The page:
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A defensive fortification throughout medieval times, Newcastle Castle is situated a short walk down the Grade I-listed 19th century Grey Street and in a prominent position overlooking the city's iconic Quayside. Occupied for nearly 2000 years, the area is a naturally defensible site with steep sides overlooking and running down to the River Tyne.

Begin your journey by purchasing your ticket from the Black Gate, the Castle’s ancient gatehouse. Built between 1247 and 1250 during the reign of King Henry III, the Black Gate was the last addition to the medieval Castle defences and was extensively added to, notably in the 17th century. Leaving the Black Gate, you will pass by the sinister Heron Pit and the Castle Garth ruins.

Finally, at the Castle Keep, audio-visuals tell the building's story. Visitors can explore all four floors of this Scheduled Ancient Monument.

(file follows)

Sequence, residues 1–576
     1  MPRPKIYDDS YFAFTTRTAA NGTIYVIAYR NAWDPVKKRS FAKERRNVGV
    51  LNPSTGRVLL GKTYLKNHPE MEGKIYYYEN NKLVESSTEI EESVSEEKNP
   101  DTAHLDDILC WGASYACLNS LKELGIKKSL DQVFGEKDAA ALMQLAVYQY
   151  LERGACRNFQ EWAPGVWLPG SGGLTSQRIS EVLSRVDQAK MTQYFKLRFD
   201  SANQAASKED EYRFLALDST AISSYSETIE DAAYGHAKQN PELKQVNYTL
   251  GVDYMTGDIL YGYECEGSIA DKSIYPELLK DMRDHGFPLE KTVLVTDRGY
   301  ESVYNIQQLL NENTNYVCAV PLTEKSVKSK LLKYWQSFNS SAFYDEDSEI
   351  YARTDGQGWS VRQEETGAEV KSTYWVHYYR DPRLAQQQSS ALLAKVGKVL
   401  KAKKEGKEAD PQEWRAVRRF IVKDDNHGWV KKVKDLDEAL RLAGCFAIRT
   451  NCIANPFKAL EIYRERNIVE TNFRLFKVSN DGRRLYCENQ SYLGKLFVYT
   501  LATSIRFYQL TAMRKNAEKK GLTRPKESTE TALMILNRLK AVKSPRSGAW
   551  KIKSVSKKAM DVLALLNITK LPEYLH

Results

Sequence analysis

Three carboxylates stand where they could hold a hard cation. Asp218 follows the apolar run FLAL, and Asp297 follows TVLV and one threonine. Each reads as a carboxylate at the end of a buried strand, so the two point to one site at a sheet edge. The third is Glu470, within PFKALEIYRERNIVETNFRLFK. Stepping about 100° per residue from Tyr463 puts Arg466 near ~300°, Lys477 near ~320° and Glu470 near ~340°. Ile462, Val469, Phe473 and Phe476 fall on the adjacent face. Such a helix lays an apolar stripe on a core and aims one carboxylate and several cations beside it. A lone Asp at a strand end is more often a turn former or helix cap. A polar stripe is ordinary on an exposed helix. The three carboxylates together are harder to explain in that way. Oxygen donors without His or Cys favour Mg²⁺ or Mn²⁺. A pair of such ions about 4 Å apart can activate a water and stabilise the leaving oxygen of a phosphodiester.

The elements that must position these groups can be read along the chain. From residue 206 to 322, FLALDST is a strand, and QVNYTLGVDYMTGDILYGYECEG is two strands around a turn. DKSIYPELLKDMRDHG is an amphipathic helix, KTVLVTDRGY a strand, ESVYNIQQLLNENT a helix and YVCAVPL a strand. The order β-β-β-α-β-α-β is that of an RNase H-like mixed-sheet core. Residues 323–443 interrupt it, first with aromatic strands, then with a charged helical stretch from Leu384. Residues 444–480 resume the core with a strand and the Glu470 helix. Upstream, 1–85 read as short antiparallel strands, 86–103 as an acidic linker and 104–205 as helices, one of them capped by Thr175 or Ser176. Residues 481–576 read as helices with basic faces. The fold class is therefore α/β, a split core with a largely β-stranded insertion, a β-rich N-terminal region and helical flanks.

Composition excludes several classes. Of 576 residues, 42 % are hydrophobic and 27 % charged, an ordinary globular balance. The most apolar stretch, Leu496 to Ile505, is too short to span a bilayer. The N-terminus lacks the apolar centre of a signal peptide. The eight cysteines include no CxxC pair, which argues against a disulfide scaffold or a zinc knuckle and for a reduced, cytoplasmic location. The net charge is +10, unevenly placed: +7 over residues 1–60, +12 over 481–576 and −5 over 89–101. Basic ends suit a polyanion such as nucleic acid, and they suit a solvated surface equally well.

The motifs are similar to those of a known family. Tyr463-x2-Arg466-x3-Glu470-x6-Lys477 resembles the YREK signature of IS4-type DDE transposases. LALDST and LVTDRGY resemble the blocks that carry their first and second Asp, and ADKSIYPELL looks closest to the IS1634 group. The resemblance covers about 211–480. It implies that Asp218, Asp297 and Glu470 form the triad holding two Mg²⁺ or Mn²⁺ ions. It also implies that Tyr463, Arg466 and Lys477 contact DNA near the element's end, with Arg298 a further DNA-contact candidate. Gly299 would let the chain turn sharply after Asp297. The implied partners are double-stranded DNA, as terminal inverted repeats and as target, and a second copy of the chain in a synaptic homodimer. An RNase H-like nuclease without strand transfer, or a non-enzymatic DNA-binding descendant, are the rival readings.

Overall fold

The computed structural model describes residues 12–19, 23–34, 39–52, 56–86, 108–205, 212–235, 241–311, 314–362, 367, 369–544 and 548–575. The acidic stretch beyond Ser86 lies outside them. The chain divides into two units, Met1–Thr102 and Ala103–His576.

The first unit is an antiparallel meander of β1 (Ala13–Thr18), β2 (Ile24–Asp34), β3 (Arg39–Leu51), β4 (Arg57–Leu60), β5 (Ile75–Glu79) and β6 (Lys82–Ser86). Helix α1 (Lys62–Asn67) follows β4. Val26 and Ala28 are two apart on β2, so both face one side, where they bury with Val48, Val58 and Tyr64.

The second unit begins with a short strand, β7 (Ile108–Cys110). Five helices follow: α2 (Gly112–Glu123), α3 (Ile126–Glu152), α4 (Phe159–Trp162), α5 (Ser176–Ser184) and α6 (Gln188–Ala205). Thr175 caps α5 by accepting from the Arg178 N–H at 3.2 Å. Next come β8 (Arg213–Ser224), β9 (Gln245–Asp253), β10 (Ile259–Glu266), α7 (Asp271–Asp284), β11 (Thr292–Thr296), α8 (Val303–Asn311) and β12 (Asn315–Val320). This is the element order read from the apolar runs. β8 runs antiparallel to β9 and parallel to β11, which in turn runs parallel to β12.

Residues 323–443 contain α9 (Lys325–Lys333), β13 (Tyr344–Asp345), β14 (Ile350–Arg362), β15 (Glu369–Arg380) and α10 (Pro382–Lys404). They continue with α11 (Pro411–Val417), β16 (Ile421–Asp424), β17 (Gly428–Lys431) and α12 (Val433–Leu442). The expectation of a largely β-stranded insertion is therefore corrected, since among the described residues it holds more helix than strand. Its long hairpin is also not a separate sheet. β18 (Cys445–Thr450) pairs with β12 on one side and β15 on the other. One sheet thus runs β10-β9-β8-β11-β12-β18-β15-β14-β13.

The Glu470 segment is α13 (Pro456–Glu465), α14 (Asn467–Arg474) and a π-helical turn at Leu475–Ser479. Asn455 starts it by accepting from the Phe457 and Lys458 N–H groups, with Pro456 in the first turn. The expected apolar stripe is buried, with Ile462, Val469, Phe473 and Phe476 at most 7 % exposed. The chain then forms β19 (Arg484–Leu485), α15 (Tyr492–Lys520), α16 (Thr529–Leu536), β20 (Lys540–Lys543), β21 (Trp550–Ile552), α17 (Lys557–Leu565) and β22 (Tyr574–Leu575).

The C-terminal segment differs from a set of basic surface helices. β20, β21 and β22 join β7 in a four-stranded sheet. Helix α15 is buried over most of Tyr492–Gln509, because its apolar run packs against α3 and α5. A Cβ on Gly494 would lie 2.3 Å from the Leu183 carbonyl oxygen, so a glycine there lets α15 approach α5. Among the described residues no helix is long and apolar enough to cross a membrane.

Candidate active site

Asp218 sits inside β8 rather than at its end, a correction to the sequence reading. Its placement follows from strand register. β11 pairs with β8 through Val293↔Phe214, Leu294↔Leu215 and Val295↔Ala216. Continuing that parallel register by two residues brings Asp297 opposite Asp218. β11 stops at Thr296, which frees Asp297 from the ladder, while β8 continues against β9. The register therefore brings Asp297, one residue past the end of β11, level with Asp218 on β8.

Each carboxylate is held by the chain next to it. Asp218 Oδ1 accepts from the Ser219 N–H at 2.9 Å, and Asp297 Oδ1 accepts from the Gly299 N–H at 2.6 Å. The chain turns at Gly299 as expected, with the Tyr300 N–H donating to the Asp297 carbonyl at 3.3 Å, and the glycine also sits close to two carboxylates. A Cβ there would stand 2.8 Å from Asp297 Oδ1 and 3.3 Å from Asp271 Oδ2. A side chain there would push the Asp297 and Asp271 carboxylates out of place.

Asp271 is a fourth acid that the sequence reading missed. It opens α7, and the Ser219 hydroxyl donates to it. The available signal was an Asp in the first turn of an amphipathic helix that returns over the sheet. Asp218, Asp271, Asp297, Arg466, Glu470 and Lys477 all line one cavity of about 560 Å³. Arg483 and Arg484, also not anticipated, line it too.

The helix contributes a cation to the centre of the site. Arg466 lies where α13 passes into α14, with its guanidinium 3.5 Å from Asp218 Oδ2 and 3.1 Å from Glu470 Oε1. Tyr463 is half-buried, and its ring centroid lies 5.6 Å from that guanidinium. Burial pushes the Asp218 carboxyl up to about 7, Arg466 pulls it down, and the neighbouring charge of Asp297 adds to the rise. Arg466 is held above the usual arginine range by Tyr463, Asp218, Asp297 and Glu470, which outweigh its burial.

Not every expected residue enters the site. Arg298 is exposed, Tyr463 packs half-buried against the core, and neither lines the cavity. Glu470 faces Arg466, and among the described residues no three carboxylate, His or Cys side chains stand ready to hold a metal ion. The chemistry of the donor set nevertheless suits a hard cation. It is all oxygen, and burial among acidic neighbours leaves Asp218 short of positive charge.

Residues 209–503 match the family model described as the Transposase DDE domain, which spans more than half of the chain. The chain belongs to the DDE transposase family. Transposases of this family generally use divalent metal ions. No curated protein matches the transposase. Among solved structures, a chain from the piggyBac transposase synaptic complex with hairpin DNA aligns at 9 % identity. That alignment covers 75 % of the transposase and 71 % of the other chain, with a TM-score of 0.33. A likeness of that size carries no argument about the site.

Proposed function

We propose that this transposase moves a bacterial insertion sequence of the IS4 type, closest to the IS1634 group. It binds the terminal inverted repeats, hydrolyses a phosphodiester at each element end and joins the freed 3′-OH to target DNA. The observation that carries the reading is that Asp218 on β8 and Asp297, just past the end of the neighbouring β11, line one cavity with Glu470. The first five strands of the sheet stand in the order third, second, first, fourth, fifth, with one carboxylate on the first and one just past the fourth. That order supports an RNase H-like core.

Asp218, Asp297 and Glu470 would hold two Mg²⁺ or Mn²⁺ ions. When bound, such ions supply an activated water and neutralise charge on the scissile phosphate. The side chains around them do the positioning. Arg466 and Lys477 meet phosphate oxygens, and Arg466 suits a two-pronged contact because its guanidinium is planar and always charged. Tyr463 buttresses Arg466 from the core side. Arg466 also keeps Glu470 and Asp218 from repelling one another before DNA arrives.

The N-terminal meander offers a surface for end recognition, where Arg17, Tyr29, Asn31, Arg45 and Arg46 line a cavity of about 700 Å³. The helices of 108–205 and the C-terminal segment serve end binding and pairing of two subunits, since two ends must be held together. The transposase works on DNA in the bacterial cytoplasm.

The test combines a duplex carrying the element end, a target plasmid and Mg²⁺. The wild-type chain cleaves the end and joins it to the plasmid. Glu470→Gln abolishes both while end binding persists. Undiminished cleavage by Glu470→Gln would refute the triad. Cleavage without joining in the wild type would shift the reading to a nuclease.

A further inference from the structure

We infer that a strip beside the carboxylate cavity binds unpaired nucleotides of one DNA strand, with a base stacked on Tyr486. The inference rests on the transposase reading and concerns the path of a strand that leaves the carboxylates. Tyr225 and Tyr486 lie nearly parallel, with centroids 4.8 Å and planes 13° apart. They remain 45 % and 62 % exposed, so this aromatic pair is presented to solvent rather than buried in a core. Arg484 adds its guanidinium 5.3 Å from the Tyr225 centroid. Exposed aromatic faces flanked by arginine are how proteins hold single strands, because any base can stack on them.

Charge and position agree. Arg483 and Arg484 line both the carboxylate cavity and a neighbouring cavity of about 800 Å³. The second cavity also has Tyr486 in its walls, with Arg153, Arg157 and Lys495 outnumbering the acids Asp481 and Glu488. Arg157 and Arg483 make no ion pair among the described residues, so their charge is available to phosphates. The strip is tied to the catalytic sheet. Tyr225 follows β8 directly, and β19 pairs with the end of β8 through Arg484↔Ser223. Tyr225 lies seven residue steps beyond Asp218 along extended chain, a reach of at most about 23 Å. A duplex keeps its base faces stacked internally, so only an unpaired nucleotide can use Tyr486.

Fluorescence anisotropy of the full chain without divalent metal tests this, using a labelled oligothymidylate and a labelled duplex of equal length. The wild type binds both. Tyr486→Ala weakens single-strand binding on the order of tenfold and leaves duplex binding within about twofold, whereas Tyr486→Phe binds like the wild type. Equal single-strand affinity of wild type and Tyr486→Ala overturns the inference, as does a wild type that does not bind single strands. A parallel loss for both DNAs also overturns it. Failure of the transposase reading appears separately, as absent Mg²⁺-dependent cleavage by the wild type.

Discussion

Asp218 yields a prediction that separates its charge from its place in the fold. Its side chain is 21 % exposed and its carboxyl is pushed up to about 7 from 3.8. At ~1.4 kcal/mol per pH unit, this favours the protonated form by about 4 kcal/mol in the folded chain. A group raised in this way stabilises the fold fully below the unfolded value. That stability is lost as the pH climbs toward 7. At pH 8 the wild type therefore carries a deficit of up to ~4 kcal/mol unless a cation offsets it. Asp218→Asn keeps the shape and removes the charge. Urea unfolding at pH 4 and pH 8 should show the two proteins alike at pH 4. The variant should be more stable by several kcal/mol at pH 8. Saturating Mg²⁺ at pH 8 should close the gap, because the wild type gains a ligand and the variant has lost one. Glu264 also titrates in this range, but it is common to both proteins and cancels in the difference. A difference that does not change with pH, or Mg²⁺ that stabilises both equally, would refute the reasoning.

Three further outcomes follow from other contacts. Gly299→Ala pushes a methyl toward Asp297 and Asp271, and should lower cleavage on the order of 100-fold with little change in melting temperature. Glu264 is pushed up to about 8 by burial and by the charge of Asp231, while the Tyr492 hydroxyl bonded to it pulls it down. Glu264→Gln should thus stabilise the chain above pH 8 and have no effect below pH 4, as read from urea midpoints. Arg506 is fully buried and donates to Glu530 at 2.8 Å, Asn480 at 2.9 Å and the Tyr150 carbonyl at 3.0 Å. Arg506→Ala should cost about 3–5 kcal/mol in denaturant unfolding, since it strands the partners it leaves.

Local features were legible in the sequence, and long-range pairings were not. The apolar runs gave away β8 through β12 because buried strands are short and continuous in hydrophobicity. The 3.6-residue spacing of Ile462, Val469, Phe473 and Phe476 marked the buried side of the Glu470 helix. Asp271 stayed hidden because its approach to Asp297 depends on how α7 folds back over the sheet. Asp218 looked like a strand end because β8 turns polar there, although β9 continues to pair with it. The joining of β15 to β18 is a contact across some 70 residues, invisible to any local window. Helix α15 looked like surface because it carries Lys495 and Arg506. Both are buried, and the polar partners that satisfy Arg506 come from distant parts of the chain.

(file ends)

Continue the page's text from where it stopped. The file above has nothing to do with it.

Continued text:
Close by:

Our neighbour, St Nicholas Cathedral, dates back to the 12th century and houses fascinating artefacts including an extraordinary 15th century brass shrine and a purported oak segment of Hadrian's Roman Tyne Bridge. Discover the history and fascinating characters that have shaped the Cathedral over the years via the Illuminating Stories section of their website.

Other attractions:

Museums and galleries operated by Tyne and Wear Archives & Museums include Discovery Museum, Laing Art Gallery and Great North Museum: Hancock.

BALTIC: Centre for Contemporary Art, the Victoria Tunnel and Seven Stories, National Centre for Children's Books are a short distance along the Quayside.

For further information on these attractions and more, visit NewcastleGateshead's official website.